Roman medicine / Audrey Cruse. Stroud, Gloucestershire : Tempus, 2004. 256pp. R138.5 .C78 2004 : n 'Roman Medicine' Audrey Cruse looks at the long and complex history of western medicine. After introducing relevant myths and legends from earliest times in Greece, she discusses ancient philosophers from the sixth-fifth centuries BC and the subsequent development of schools of medicine. Cult practices at shrines of healing in classical Greece are also discussed in this introductory section. Rome's conquest of the Greek world led to a syncretization of religion and to the development of knowledge and skills between these two worlds. Although physicians continued to be mainly Greeks, it was Roman (and Celtic) blacksmiths who developed and manufactured their surgical instruments, and Roman engineers who, albeit fortuitously, provided the people with clean water, baths and latrines and who drained Italy's disease-infested marshes. The Roman Army was provided with purpose-built hospitals, whilst contemporaneously, healing sanctuaries at both urban and rural sites continued to flourish. In 293 BC Rome was held in the grip of the plague and, according to legend, in answer to a directive from the Sibylline Books, the Roman Senate decided to send to Epidaurus for Asclepius. The paramount god of healing in the Greek world travelled to Rome in 291 BC. This was a significant event, for it is the first example of a foreign cult being imported directly into the Roman Pantheon. The story has it that after the god's arrival in Rome the plague subsided and 'Aesculapius' became the Latinized form of the god's name. His temples and shrines continued to flourish throughout the Greek and Roman worlds until well into the Christian period. Leading academics have demonstrated that eye diseases were prevalent in the western empire and this is discussed in the book with special relevance to Roman Britain. The author also looks at the many different aspects of medicine and health in the Roman Empire, especially with regard to doctors, their drugs and their surgical equipment.
The prince of medicine : Galen in the Roman Empire / Susan P. Mattern. New York, N.Y. : Oxford University Press,  334pp. R126.G8 M38 2013 : Galen of Pergamum (A.D. 129 - ca. 216) began his remarkable career tending to wounded gladiators in provincial Asia Minor. Later in life he achieved great distinction as one of a small circle of court physicians to the family of Emperor Marcus Aurelius, at the very heart of Roman society. Susan Mattern's The Prince of Medicine offers the first authoritative biography in English of this brilliant, audacious, and profoundly influential figure. Like many Greek intellectuals living in the high Roman Empire, Galen was a prodigious polymath, writing on subjects as varied as ethics and eczema, grammar and gout. Indeed, he was (as he claimed) as highly regarded in his lifetime for his philosophical works as for his medical treatises. It is for medicine that he is most remembered today, and from the later Roman Empire through the Renaissance, medical education was based largely on his works. Even up to the twentieth century, he remained the single most influential figure in Western medicine. He was a complicated individual, full of breathtaking arrogance, shameless self-promotion, and lacerating wit. He was fiercely competitive, once disemboweling a live monkey and challenging the physicians in attendance to correctly replace its organs. Relentless in his pursuit of anything that would cure the patient, he insisted on rigorous observation and, sometimes, daring experimentation. He confronted one of history's most horrific events--a devastating outbreak of smallpox--and persevered, bearing patient witness to its predations, year after year. The Prince of Medicine gives us Galen as he lived his life, in the city of Rome at its apex of power and decadence, among his friends, his rivals, and his patients. It offers a deeply human and long-overdue portrait of one of ancient history's most significant and engaging figures.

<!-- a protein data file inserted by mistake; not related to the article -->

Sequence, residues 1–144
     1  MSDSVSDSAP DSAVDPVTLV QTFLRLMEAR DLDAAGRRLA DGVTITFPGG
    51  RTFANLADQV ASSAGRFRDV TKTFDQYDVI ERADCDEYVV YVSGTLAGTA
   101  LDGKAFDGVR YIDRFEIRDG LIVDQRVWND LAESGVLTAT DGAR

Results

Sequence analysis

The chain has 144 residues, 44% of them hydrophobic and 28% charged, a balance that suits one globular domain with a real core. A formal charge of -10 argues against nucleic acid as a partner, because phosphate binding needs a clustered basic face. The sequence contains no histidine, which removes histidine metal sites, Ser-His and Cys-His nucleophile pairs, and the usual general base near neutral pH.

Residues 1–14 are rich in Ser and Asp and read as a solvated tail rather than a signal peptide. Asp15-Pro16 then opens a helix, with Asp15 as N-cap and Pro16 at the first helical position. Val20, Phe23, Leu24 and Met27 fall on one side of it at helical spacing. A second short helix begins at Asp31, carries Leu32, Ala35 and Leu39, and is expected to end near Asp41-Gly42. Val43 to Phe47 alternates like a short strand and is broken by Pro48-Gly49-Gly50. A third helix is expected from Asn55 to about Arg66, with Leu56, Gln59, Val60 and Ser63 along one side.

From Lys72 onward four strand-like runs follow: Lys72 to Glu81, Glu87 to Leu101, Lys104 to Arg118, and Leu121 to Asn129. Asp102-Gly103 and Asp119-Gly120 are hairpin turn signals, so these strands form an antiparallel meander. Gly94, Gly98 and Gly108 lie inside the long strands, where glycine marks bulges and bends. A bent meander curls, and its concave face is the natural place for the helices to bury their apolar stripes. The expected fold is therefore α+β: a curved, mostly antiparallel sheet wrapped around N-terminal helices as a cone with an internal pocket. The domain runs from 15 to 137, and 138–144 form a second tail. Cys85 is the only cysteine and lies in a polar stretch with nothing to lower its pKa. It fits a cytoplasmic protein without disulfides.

Hippocrates in a world of pagans and Christians / Owsei Temkin. Baltimore : Johns Hopkins University Press, c1991. 315pp. BL65.M4 T35 1991 : The fascinating story of how Hippocrates and the Oath (which is unlikely to have been written by the great Coan doctor himself) became Christianized is the theme of this wise and humane book... Historians, theologians, and doctors alike will benefit from this clear, learned, and courteous exposition of an enthralling theme."--Vivian Nutton, Times Literary Supplement. "A feast of citations from a staggering variety of sources... The reader can only salute [Temkin] as one of the greatest humanist physicians of our time."-- New England Journal of Medicine. In Hippocrates in a World of Pagans and Christians, Temkin shows how the perennial appeal of Hippocratic practice helped establish the relationship between scientific medicine and monotheistic religion. After the first century, Hippocratic medicine competed with powerful beliefs in religious healers from Asclepius to Jesus. Yet the ascendance of Christianity, Temkin explains, did not diminish the stature of Hippocratic science. Hippocrates, after all, saw nature as a divine and orderly power that caused growth and supplied "health." Hippocratic doctors could easily exchange the cult of Asclepius for the worship of Christ. But they could not sacrifice their belief in nature as the basis of health, disease, and therapy without renouncing their science. In compromise, the Church accepted Hippocratic medicine with the proviso that the Christian physician shun all pagan or heretical interpretations of naturalism--he must not, for example, believenature to be divine, the soul a mere function of the brain, or himself the true savior of the sick.
John Scarborough, "Drugs and Medicines in the Roman World", Expedition, Vol. 38, no.2 (1996)
Colin Davies. "Hippocrates, the Founder of Scientific Medicine". History Today, Volume 21, Issue 4, April 1971
"Temple of Kom Ombo", Atlas Obscura. The Temple of Kom Ombo is an unusual double temple constructed during the Ptolemaic period, which lasted from 108 to 47 BC. The ancient Egyptian place of worship features a unique engraving that is thought to be among the first representations of medical and surgical instruments..
What’s Inside a 2,000-Year-Old, Shipwreck -- Preserved Roman Pill?. Article by Joseph Stromberg, Smithsonian Magazine, January 2013.
Rediscovering an ancient book. Mark Schrope, "Medicine’s Hidden Roots in an Ancient Manuscript", New York Times, June 1, 2015. Recently rediscovered Galen manuscript. For centuries, Galen’s “Simple Drugs” was required reading for aspiring physicians, the summation of ancient knowledge about medicine, patient care and pharmaceutical plants. Galen described a root that cures “roughness of the throat” and recommended hemp as an earache remedy that “does not produce flatulence” (though it “dries out the semen”).